- The Reserve Bank of India (RBI) has placed Lakshmi Vilas Bank under Prompt Corrective Action (PCA) framework due to high bad loans and insufficient capital.
- RBI has also advised the bank on the restrictions put in place and the actions to be taken, which the bank has taken note of for necessary compliance, with progress to be reported every month to RBI.
What is Prompt Corrective Action (PCA)?
- RBI PCA framework was introduced in December 2002 as a structured early-intervention mechanism along the lines of the US Federal Deposit Insurance Corp.’s PCA framework.
- The framework was reviewed based on the recommendations of the working group of the Financial Stability and Development Council on Resolution Regimes for Financial Institutions in India and the Financial Sector Legislative Reforms Commission in 2017.
- It is a framework under which banks with weak financial metrics are put under watch by the RBI.
- Under PCA, banks are mandated to cut lending to corporates and focus on reducing concentration of loans to certain sectors.
- They are also restricted from opening new branches and paying dividends.
The PCA framework specifies the trigger points or the level after which the RBI will intervene with corrective action. The trigger points are set by considering three financial indicators of that bank:
- Capital to Risk weighted Asset Ratio (CRAR)
- Net Non-Performing Assets (NPA) and
- Return on Assets (RoA)
- The PCA framework deems banks as risky if they slip below certain norms on three parameters — capital ratios, asset quality and profitability.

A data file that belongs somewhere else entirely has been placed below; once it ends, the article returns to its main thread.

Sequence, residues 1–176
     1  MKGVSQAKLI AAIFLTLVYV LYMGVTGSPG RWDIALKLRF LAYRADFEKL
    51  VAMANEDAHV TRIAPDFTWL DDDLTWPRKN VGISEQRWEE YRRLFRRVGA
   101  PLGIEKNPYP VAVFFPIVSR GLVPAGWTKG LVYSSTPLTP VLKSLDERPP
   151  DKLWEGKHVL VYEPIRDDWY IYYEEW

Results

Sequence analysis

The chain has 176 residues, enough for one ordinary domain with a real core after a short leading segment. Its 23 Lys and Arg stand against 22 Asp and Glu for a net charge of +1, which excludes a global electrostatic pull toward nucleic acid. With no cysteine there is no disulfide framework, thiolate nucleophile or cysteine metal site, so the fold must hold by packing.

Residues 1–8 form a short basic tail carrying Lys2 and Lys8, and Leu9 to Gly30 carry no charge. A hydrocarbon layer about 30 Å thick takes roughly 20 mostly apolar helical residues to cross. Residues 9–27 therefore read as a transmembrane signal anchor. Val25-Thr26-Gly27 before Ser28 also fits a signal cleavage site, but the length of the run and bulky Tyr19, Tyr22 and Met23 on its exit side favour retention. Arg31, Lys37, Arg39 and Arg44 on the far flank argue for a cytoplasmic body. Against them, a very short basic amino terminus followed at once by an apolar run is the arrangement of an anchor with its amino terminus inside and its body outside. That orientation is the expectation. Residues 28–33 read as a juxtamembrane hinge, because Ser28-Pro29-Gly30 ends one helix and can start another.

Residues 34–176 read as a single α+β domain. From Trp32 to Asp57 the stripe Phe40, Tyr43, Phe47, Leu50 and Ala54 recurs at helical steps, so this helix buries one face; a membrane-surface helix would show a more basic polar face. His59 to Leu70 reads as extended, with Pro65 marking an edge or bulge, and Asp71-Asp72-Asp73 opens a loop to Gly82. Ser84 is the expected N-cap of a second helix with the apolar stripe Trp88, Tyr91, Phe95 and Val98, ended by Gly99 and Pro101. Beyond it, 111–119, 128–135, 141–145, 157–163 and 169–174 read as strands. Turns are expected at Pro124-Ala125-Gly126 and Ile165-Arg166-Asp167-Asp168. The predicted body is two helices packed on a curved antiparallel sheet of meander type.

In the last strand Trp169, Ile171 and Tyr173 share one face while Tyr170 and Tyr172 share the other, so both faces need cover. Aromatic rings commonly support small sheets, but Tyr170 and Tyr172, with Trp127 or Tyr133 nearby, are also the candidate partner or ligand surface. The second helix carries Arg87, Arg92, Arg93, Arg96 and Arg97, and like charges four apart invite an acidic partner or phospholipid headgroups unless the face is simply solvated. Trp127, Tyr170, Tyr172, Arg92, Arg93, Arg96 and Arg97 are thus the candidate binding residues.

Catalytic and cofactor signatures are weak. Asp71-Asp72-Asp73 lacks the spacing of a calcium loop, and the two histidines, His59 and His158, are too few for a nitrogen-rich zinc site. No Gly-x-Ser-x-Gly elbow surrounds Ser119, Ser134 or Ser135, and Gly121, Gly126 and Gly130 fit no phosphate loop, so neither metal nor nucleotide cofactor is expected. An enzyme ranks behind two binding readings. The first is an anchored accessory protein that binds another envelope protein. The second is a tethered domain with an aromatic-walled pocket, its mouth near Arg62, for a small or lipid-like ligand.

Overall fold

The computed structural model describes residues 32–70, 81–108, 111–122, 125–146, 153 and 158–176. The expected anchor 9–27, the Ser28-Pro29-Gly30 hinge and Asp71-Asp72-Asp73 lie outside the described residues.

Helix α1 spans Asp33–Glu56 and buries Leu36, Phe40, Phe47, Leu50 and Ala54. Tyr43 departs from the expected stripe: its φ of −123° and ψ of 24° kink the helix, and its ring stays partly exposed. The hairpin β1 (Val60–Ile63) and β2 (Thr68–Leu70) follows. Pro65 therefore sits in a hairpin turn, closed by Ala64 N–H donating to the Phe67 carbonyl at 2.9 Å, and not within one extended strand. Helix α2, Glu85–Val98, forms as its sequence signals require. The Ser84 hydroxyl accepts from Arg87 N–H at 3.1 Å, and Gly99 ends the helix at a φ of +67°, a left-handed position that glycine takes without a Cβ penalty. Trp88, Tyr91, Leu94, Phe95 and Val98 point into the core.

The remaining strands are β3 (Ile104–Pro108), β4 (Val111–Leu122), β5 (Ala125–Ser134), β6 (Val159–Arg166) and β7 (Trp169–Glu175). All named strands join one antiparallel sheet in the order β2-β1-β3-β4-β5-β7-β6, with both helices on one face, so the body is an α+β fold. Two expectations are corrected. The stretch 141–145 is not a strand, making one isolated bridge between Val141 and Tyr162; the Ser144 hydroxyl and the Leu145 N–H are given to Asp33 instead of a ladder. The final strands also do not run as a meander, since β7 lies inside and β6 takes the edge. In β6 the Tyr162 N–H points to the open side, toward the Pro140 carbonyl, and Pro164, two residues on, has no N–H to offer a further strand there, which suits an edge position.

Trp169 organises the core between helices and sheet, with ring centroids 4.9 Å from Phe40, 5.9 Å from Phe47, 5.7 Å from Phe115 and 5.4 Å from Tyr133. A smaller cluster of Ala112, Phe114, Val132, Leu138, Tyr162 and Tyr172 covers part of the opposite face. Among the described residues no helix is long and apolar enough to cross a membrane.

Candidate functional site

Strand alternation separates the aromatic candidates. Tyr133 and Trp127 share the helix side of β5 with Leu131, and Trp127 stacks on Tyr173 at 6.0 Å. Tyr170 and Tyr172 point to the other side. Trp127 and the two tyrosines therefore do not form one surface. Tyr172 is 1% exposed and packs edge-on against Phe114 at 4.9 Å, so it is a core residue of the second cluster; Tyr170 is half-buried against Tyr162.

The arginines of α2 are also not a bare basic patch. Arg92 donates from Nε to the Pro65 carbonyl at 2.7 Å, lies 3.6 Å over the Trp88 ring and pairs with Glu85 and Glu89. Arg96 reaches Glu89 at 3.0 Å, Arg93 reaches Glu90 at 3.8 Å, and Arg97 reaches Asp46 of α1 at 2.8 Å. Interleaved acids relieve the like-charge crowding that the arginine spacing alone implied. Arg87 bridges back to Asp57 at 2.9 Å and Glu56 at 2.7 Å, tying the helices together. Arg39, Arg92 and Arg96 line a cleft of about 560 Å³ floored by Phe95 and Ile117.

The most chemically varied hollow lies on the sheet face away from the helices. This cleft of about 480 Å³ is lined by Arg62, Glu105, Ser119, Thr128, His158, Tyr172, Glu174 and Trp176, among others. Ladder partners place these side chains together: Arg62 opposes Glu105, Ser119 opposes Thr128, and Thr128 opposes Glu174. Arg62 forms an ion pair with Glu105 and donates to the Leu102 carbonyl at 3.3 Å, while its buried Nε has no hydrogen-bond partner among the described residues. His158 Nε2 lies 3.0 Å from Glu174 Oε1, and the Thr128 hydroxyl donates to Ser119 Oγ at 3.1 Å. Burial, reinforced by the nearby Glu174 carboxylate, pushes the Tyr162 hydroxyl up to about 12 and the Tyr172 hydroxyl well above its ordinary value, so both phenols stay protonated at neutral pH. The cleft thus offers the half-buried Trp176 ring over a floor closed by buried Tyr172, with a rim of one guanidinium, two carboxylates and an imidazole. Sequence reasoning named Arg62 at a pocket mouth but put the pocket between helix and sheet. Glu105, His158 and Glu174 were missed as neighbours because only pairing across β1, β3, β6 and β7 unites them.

- It has three risk threshold levels (1 being the lowest and 3 the highest) based on where a bank stands on these ratios.
- Banks with a capital to risk-weighted assets ratio (CRAR) less than 10.25 per cent but more than 7.75 per cent fall under threshold 1.
- Those with CRAR of more than 6.25 per cent but less than 7.75 per cent fall in the threshold 2.
- In case a bank’s common equity Tier 1 (the bare minimum capital under CRAR) falls below 3.625 per cent; it gets categorized under threshold 3.
- Banks that have a net NPA of 6 per cent or more but less than 9 per cent fall under threshold 1, and those with 12 per cent or more fall under the third threshold level.
- On profitability, banks with negative return on assets for two, three and four consecutive years fall under threshold 1, threshold 2 and threshold 3, respectively.
Why PCA is important?
- As most bank activities are funded by deposits which need to be repaid, it is imperative that a bank carries a sufficient amount of capital to continue its activities.
- PCA is intended to help alert the regulator as well as investors and depositors if a bank is heading for trouble.
- The idea is to head off problems before they attain crisis proportions.
- PCA helps RBI monitor key performance indicators of banks, and taking corrective measures, to restore the financial health of a bank.
- On breach of any of the risk thresholds mentioned above, the RBI can invoke a corrective action plan.
- Depending on the threshold levels, the RBI can place restrictions on dividend distribution, branch expansion, and management compensation.
- Only in an extreme situation, breach of the third threshold, would identify a bank as a likely candidate for resolution through amalgamation, reconstruction or winding up.
[Source: The Hindu, Livemint]